In the latest development, the state of Qatar has decided to abolish its controversial “Kafala” system. In recent days, there have been several reports and articles which pointed out degrading work conditions and the absence of any mechanism to protect migrant workers in Qatar.
The International Labor Organisation (ILO), a UN employment rights agency which has been working on reforms with the Qatar government since 2017, said the Gulf country’s ministers had agreed to end Kafala and also introduce “a non-discriminatory minimum wage, the first in the Middle East”.
Some good news from soccer + politics: Increased human rights scrutiny ahead of the Qatar World Cup yields progress for migrant workers https://t.co/NAESNybbBB— Urban Nehrd (@lukegarrott) October 17, 2019
It is important to understand that Kafala ties workers to so-called sponsorship by their employer, meaning they cannot move jobs or leave the country without the employer’s approval. Human rights groups have campaigned for years to have kafala abolished across the Gulf, whose countries use millions of low-paid immigrant workers mostly from the Indian subcontinent.
FIFA’s decision to locate the 2022 World Cup in Qatar has hugely increased scrutiny, and the Qatar government ultimately responded by signing formal cooperation with the ILO promising to implement improvements.
“Cabinet has adopted new legislation related to a new law for minimum wage and also a new regulation to facilitate labor transfer to a new employer… and a draft law to abolish exit permits,” Labour Minister Yousuf Mohamed al-Othman Fakhroo said at an event in Doha.
Qatar and its labor laws have been under criticism ever since the country was named the host of the 2022 FIFA World Cup. The government in Qatar has repeatedly promised to ensure the safety of workers.
"Young men have a very low incidence of heart attacks yet hundreds of them are dying every year in Qatar attributed to cardiovascular causes. The clear conclusion I draw from this as a cardiologist is that these deaths are caused by deadly heatstroke."https://t.co/xYl2h5KFKW— Jo Maugham QC (@JolyonMaugham) October 2, 2019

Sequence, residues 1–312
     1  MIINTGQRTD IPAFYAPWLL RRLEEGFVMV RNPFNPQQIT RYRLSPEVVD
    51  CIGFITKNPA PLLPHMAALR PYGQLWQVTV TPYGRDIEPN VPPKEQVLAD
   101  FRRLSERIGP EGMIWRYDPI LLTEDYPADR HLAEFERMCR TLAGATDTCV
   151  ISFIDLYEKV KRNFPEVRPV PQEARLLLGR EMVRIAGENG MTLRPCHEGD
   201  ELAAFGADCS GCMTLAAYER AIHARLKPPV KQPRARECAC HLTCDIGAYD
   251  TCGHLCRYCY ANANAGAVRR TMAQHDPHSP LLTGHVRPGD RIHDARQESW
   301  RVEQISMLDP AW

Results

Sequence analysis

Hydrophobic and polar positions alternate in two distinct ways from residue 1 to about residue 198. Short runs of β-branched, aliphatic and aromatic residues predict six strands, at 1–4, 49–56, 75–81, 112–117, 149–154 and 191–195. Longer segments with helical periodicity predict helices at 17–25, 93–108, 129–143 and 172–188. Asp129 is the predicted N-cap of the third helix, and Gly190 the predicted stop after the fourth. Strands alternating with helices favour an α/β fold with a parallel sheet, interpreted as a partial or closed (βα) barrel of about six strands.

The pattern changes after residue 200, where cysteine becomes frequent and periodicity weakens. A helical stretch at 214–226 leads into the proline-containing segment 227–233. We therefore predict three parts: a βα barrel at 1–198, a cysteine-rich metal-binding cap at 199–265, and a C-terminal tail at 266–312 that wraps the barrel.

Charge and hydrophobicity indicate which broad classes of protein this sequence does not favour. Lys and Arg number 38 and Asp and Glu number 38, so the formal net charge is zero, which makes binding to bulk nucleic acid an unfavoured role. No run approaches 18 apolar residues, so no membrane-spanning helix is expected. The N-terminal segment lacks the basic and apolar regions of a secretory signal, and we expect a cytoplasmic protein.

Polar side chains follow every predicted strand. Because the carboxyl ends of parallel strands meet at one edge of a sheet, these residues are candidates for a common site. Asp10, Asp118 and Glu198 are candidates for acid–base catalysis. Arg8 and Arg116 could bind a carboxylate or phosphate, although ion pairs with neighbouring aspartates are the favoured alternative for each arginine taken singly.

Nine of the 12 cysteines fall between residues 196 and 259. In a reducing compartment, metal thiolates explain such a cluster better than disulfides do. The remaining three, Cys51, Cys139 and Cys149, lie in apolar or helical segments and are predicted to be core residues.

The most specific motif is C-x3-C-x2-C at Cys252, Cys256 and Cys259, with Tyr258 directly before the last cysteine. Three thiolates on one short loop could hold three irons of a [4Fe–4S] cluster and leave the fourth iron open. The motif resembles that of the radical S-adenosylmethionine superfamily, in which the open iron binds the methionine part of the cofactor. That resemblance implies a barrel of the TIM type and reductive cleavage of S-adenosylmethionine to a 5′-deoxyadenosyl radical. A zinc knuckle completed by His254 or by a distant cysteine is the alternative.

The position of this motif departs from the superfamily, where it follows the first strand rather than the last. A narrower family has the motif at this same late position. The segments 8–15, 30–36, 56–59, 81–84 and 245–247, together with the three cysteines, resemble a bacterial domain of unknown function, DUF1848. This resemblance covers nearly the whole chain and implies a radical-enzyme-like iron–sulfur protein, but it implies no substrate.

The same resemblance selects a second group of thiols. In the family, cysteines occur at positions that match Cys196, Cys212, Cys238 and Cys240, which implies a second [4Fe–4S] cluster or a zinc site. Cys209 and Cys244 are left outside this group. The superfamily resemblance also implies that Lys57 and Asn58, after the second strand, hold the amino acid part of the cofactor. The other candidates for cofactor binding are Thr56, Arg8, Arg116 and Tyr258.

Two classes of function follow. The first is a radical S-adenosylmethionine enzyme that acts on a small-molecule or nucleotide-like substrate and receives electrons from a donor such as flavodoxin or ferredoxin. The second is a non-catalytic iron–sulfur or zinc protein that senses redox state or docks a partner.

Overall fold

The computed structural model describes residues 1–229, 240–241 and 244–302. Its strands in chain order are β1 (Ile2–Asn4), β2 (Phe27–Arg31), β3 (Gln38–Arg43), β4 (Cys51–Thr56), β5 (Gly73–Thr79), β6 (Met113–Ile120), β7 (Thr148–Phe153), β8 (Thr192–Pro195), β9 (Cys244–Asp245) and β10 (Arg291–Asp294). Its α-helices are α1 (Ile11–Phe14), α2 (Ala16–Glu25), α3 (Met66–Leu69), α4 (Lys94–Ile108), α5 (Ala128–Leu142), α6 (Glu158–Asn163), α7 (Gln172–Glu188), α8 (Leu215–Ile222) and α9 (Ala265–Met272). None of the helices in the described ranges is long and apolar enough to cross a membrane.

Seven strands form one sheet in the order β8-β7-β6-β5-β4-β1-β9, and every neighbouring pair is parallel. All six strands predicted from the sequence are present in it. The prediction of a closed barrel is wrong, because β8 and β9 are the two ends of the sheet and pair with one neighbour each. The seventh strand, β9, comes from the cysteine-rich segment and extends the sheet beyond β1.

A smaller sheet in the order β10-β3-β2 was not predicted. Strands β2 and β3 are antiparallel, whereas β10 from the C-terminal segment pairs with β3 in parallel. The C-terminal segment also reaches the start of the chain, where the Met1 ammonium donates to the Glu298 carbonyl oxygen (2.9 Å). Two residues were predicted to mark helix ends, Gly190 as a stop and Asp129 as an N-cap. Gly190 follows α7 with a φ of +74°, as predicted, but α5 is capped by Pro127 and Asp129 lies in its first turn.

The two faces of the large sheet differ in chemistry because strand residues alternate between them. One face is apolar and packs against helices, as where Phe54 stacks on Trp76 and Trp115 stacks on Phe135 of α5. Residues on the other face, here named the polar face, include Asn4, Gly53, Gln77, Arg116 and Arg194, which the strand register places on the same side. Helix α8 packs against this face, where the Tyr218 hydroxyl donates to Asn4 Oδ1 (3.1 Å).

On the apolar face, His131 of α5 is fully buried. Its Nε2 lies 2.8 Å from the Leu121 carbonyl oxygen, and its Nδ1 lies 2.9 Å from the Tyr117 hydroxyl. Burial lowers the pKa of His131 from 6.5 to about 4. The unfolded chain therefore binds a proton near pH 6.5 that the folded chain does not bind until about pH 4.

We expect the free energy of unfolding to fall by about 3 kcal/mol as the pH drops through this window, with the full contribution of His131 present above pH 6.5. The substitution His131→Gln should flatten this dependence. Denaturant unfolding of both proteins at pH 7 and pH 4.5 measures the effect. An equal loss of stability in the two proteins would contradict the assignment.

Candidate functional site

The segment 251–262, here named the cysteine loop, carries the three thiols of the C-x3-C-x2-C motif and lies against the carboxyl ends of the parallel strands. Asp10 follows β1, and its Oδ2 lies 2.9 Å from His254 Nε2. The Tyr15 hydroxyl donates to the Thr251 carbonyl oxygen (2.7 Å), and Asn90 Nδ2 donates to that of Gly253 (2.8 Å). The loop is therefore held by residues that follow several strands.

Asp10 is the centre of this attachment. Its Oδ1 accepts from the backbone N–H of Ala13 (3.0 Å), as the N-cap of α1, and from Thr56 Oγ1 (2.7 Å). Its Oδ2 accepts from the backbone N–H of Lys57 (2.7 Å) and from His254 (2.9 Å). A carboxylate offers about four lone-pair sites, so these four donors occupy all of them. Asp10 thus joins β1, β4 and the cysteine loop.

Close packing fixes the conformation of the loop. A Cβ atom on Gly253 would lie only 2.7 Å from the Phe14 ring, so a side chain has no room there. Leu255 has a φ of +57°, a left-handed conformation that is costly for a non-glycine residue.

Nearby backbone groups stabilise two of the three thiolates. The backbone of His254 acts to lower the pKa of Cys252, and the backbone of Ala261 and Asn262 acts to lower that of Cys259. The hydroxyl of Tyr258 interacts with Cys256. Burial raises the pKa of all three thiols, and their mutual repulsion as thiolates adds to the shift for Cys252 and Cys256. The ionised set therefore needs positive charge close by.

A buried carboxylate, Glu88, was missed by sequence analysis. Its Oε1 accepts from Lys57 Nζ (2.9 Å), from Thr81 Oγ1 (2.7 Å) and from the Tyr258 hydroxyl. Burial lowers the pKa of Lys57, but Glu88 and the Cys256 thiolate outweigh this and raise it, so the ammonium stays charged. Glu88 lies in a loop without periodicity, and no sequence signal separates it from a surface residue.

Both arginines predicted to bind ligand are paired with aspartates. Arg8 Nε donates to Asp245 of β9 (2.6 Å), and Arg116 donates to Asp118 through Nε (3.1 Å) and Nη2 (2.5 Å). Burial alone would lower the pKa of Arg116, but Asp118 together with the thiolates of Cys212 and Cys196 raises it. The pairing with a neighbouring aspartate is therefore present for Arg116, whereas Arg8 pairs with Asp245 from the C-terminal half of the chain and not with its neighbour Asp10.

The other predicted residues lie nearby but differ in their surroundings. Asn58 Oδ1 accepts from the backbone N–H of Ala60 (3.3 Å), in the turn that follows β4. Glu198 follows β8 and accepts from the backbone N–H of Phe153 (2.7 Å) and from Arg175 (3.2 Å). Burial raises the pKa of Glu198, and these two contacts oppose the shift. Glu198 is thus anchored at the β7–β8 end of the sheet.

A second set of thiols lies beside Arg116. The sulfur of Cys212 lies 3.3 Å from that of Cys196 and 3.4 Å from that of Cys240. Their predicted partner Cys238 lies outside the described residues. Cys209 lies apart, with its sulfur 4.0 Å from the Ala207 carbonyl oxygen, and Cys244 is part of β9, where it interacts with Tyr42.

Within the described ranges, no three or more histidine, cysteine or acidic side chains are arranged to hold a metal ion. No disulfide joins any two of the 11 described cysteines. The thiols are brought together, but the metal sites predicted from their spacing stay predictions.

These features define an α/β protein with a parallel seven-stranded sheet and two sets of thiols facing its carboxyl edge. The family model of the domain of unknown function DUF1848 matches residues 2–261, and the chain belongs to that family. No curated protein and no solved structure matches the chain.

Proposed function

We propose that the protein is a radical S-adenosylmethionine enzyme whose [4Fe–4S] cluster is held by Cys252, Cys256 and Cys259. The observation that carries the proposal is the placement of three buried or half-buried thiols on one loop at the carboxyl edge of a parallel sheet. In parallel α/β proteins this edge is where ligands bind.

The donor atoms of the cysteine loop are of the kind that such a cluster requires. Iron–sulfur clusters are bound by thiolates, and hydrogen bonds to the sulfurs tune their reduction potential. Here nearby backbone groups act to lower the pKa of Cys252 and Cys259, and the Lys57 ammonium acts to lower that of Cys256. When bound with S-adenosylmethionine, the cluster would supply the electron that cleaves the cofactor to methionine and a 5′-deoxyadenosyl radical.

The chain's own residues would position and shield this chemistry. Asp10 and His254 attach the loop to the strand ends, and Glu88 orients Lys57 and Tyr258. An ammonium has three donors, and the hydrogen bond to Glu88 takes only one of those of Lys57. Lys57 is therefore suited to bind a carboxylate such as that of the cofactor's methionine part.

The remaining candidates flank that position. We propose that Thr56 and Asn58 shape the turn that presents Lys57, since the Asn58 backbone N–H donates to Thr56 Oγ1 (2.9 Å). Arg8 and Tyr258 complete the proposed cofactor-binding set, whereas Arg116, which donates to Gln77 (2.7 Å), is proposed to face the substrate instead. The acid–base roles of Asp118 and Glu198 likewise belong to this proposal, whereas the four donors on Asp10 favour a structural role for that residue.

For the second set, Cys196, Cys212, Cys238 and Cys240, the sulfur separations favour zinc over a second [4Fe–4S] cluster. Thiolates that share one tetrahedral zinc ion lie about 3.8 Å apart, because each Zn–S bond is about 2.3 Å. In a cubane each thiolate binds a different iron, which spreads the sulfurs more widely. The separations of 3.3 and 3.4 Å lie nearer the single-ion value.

Some western media outlets claimed that in Qatar migrant laborers are being forced to work in ‘searing temperatures’ which is a dangerous and gross violation of fundamental human rights. A report published in The Guardian points out that “every year hundreds of workers – many young men between 25 and 35 years old – die while working in Qatar. The majority of these deaths are attributed to cardiovascular causes or “natural death” by the Qatari authorities”.
Similarly, according to recent, Amnesty International “hundreds of migrant workers” have been forced to give up on “justice” and return home “penniless” since March 2018.
— News From Amnesty (@NewsFromAmnesty) September 26, 2019
Interestingly, Qatar is viewing sports and games not only events but an opportunity to expand its tourism industry with an intention to introduce several tourist destinations in the country. The tourism sector, in Qatar, is offering new avenues to the investors and businesses with remarkable growth which has reportedly reached 11% as of August.
The FIFA Club World Cup is an international men’s association football competition organized by the Federation International de Football Association (FIFA), the sport’s global governing body. It attracts people from across the world to watch the tournament which helps the host country to present its soft image before the world.
The authorities in Qatar have made it clear that every possible step is being taken to ensure the safety of workers from heat-related injuries. The government has introduced a work ban that does not allow manual labor in unshaded outdoor areas between 11:30 and 3 pm from mid-June to August.
Qatar’s Government Communications Office said, “Qatar has made substantial progress on labor reforms and it continues to work with NGOs, including the International Labour Organization, to ensure that these reforms are far-reaching and effective.” The authorities have also instructed employers that laborers should not work more than five hours during the summer period.
Moreover, the Qatari authorities and the Supreme Committee also said it had conducted research with the ILO and climate academics to assess the impact of workplace heat stress on workers, which looked at mitigation measures including on-site cooling rooms and improving rest break schedules.